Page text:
"data of the people, by the people, for the people" (https://datacommons.barcelona/en/)
1. What is a data commons?
A data commons is a software platform along with a governance framework that together allow a community to manage, analyze and share its data.
in an early definition of “data commons,” human-computer-interaction researchers Dana Cuff and colleagues described them as “repositories generated through decentralized collection, shared freely, and amenable to distributed sense-making” and noted that these repositories “have been proposed as transforming the pursuit of science but also advocacy, art, play, and politics.”
2. Don't forget the commoning part of it
In Bristol, data commons, rather than being only stocks or stores of citizen-generated data, became sites to develop relationships of solidarity through the tolerance of friction, tension, and dispute about how data connects with things that matter to people.
For example, Google's datacommons.org, doesn't really feel like a commons. Where's the community governance? A data repo managed by a big tech corp is not a commons.
3. Why? What are they for?
A counter to big tech data collection.
We need a new way of thinking about data not as a commodity to be further protected by stronger intellectual property laws but as a collective resource that could be used to empower citizens and provide them with tools to tackle their own problems.
3.1. What's the problem?
A reliance on private companies to provide the infrastructure of projects has led to a lack of control over how data is collected and handled. Companies currently use data collected through digital platforms as a commodity to generate economic value for shareholders. Data ends up being siloed and controlled by a few individuals with little benefit flowing to citizens. Due to the way it has been abused by these companies, the very idea of data collection has developed sinister connotations of surveillance and manipulation. When platforms do produce reports they often involve the highly questionable and selective use of data to promote the company and shine a positive light on its activities.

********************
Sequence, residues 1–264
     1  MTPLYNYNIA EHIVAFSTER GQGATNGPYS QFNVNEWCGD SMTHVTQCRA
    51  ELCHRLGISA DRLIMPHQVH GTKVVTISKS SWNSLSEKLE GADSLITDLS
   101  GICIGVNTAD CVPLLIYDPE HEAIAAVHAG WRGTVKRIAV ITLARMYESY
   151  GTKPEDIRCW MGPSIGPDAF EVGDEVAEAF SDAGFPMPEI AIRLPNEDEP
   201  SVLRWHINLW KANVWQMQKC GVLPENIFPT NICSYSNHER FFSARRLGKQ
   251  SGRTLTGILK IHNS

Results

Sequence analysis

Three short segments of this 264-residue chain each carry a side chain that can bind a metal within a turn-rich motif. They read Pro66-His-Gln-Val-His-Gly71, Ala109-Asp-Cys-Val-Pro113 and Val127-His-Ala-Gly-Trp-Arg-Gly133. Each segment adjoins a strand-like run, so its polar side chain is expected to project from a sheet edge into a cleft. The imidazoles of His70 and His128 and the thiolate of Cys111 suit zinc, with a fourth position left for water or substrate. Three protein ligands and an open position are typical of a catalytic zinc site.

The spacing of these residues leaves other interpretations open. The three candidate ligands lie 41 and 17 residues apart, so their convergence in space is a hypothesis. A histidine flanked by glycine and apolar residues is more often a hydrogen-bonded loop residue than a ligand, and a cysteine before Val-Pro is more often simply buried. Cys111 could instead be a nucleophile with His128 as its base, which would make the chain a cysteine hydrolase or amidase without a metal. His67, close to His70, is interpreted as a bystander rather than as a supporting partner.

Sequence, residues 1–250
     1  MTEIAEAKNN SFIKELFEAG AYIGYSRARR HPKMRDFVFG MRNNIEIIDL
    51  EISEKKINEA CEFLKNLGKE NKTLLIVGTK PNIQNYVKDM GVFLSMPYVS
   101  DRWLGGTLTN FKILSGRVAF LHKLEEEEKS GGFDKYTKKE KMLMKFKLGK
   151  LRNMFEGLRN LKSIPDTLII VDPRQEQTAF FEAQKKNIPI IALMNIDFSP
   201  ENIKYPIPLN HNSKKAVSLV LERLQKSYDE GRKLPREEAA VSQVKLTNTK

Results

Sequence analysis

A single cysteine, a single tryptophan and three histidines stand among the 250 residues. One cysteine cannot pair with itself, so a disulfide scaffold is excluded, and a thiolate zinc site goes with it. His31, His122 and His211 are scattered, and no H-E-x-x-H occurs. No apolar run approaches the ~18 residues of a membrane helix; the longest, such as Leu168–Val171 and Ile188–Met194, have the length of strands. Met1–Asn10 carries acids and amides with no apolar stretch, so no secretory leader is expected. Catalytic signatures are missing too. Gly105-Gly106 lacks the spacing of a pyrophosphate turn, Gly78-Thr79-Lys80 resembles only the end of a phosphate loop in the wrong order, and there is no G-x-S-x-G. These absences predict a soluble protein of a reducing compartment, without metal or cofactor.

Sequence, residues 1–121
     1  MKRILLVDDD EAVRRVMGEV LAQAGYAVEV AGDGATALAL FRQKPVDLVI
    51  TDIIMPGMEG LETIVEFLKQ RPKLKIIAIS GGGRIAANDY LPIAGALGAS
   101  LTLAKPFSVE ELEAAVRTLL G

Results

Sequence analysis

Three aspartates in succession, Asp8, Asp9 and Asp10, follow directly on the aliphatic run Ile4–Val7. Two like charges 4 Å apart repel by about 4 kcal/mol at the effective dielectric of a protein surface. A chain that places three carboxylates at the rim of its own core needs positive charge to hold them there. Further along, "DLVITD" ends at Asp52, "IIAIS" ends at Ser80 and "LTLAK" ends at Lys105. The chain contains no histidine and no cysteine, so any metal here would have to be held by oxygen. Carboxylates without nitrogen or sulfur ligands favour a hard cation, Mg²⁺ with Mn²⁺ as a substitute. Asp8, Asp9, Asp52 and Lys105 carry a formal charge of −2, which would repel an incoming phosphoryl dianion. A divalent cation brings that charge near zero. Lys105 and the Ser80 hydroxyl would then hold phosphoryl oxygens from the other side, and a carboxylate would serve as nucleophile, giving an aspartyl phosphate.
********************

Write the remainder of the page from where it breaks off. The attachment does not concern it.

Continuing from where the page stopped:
3.2. What are the benefits?
A data commons has a huge potential to create a launching pad for further innovation and development. It provides enormous public benefit while at the same time putting citizens in control of their digital future.
There is no single model of how a data commons should be organised. Each institution would need to be designed based on the needs of the community, the type of data and how it could be collected and used. These would range from large-scale public data trusts (for health, science and mobility) to commercial and financial data firms and local data co-operatives.
6. Limitations / criticisms
One tension of a data commons is the balance between the potential benefits of large shared troves of data versus the harm that could be caused from their misuse. Data collection and use must be consensual, fair and transparent. In some cases, certain types of data simply shouldn’t be collected because the risk posed to individuals is too high. No security system is fail-safe and we should think carefully before collecting any type of data and ask first whether it is necessary and potentially of public value. There are other forms of discriminatory data gathering which should be eliminated outright. This includes carceral technology to assist predictive policing, which Ruha Benjamin in Race after Technology has called to be abolished